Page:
In this regard it should be noted that electrical components of this kind with such rapid rates of current rise and thereby such a high harmonic content are unsuitable for operation in conventional power networks specifically because of their high harmonic content. The present overall arrangement of such a harmonic generator in conjunction with at least one connected heating element leads however to a damping of the high harmonic content as a result. of the excitation in the heating element. The overall arrangement is therefore operable in conjunction with a conventional power network without the risk of mains contamination with high harmonic content.
By this means, in particular through configuring a harmonic generator for high-frequency excitation in this manner, an overall highly cost-effective heating arrangement with regard to the required components is obtained. A further considerable cost advantage from such a heating arrangement results from the extremely low installation costs and the low space requirements in comparison to known hot-air and hot water heating systems, as well as through the extremely low operating costs.
The invented heating arrangements are therefore suitable for all possible heating purposes, in particular in public and private buildings, whereby the low space requirements and the possibility of a hidden arrangement open up considerable scope for architectural design possibilities.
In a concrete embodiment of a heating element, it is proposed in accordance with Claim 8 that each of the electric conductors on the heating element be formed by copper foil strips. The electrical contact with the coating could occur by means of direct application or embedding and constitutes a capacitive and/or inductive coupling of the two,
To enable the heating effect to be adjusted for different room circumstances and changing temperature conditions, it is easily possible to control and/or regulate the effect in accordance with Claim 10 through changing the amplitude and/or the frequency of the driving oscillations using known electronic control devices.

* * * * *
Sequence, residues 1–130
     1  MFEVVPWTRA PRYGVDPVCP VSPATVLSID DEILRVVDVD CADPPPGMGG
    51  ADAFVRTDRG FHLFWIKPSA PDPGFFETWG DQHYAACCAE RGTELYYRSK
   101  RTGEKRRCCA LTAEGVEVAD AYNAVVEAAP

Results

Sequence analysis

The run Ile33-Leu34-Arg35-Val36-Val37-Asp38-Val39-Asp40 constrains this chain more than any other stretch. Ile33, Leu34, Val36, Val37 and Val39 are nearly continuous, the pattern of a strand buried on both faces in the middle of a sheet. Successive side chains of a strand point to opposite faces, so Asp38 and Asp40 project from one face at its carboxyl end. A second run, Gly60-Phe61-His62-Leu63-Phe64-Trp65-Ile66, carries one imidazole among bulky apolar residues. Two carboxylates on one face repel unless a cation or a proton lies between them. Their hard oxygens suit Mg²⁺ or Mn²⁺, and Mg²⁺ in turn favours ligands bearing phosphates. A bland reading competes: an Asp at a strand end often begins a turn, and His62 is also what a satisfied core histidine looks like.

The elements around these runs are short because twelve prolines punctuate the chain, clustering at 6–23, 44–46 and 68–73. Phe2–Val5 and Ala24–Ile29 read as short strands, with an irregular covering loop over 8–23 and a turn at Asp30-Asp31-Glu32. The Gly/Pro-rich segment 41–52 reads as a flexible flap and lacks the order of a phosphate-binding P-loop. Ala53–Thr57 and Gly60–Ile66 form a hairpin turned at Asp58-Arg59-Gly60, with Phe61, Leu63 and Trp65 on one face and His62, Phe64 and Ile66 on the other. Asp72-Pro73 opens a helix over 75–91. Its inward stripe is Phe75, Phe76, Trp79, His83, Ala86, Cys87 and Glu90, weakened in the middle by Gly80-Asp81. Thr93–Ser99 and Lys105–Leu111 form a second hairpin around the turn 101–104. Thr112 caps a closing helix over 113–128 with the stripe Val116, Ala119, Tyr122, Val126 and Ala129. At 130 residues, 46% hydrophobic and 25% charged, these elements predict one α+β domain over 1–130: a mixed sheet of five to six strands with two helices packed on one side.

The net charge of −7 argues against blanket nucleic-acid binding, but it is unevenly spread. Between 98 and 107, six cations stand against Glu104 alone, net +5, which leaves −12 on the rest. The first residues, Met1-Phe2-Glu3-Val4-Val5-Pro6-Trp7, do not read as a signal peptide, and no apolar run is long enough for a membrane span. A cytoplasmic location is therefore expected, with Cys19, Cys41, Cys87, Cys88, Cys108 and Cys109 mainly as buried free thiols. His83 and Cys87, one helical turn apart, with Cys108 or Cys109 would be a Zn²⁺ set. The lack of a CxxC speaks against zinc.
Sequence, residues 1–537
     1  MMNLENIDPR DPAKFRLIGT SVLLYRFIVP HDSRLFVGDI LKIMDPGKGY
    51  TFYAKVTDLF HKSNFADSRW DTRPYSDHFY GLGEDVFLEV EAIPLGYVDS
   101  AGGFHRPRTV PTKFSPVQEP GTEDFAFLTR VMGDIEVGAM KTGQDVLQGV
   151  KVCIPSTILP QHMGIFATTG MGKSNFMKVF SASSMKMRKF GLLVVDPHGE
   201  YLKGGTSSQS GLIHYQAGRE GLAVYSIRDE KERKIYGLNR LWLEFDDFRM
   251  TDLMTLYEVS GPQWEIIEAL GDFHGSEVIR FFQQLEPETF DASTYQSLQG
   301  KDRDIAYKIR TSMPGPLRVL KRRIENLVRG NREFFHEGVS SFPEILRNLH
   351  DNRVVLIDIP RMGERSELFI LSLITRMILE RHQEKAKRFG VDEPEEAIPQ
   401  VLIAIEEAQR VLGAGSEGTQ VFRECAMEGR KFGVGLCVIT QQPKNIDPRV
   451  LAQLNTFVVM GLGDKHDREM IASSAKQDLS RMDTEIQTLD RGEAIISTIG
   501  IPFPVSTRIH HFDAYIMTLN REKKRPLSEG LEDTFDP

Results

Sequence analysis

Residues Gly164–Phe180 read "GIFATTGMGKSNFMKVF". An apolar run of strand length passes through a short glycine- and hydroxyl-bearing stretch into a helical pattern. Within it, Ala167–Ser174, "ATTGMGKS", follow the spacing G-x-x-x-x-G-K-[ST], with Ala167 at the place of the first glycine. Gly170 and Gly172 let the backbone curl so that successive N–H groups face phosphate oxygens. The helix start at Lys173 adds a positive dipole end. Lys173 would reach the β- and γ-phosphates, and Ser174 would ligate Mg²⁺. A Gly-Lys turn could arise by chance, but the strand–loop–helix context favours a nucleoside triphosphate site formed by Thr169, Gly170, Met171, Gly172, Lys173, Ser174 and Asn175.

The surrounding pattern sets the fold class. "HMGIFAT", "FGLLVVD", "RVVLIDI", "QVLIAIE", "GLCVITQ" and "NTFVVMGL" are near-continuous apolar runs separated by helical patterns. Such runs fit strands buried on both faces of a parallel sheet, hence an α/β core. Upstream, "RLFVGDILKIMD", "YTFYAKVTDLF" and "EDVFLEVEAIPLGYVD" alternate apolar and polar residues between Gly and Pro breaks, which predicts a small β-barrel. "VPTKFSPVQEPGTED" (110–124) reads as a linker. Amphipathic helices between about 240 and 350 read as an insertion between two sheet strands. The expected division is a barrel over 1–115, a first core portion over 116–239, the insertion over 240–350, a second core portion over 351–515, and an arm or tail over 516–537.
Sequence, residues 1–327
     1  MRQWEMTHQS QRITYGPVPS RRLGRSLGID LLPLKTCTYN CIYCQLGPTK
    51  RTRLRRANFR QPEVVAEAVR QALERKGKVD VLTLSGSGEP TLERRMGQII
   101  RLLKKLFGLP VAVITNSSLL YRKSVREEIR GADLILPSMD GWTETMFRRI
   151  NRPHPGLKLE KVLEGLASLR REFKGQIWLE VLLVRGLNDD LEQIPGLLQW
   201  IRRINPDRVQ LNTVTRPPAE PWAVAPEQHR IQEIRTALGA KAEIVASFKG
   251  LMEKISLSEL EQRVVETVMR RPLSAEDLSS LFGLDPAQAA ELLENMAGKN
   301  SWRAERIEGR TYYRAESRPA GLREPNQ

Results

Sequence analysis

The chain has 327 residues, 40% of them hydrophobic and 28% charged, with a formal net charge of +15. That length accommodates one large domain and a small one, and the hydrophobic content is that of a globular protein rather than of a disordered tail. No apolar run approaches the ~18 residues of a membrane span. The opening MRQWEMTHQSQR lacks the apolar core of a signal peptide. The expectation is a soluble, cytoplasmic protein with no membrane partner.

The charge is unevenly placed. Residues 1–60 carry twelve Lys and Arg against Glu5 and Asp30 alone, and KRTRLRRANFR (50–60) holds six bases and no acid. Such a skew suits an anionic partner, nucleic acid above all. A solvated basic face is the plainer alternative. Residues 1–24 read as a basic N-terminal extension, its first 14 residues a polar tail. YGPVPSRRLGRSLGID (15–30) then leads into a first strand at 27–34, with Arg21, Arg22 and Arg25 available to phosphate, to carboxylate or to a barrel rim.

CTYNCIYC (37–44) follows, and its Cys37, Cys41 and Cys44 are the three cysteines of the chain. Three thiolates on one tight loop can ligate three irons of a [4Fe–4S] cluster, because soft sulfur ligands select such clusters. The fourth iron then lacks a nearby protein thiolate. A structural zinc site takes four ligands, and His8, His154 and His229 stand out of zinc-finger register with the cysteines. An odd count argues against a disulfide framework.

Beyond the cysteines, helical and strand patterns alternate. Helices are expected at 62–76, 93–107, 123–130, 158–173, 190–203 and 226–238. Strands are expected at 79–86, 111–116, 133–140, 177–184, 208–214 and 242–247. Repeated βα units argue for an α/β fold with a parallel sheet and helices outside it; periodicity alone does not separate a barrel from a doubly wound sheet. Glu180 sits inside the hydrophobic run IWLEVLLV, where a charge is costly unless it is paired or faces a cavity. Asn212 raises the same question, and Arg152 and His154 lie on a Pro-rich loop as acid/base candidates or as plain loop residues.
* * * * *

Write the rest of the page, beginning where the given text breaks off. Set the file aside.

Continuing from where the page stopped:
The base material of the heating element could be stable and plate-shaped resulting in panel-like heating elements which could for example be fitted using conventional wall fasteners. It would however also be possible to construct the base material as a kind of wallpaper which can then be glued to a wall.
Dimensioning and adapting the invented heating arrangement is easy to carry out, whereby in accordance with Claim 12 for example several heating elements in the form of a flat element could be combined in a visually pleasing manner and in a compact arrangement. To keep the effects of line capacitance as small as possible, the supply lines should preferably be kept short,
The heating arrangement is advantageous for use as a room heater in living, spaces, commercially used rooms and public rooms, e.g. in churches. Furthermore the heating arrangement is particularly suitable for drying rooms, e.g. for drying chambers of painting facilities or for drying wood, whereby the energy usage can be considerably reduced in comparison to conventional heaters.
According to Claim 13, the base material or material parts thereof, or adjacent or connected materials, could however also be selected so as to be excitable through natural molecular frequencies and are thereby directly heatable in a particularly effective manner.
In a embodiment according to Claim 14, a tube-shaped base preferably coated on the outside and possibly also on the inside, can be used to heat up a liquid displaying natural molecular frequencies contained within. In particular this enables a simply constructed continuous flow heater that can be operated with little energy expenditure, e.g. a water continuous flow heater, to be manufactured.
The invention will now be described in more detail with the aid of diagrams.
Fig. 1 a perspective view of a heating arrangement as a room heater, and
Fig. 2 a driving circuit.
Figure 1 shows a perspective view of the corner of a room 1 in which has been installed a heating arrangement 2. Here the heating arrangement 2 consists of a combination of twelve heating elements 3 grouped symmetrically into horizontal groups of four heating elements each in the corner of the room 1. The heating elements 3 are constructed as rectangular flat elements and are joined together in parallel by their respective narrow sides at the connection points 4. The heating elements 3 could comprise either plate-shaped base material or a reliable base material whereby that material would either be screwed or glued on as appropriate. Three vertical, edge elements 3 are connected to one another through connecting cables 5 via a junction box 6 and to the other heating elements 3 or their electric conductors 14, 15 in the form of copper foil strips via the parallel connections 4.
The control device 7 contains in particular a harmonic generator with for example a triac that has a rapid rate of current rise as well as a controller or regulator of the oscillation amplitudes. The control device 7 is connected via a junction box 6 to the heating elements 3 on the one hand, and is supplied with power via a transformer 8 and via a mains connection 9 on the other hand.
Figure 2 shows a concrete driving circuit 10 of the control device 7 with a dual MOSFET11.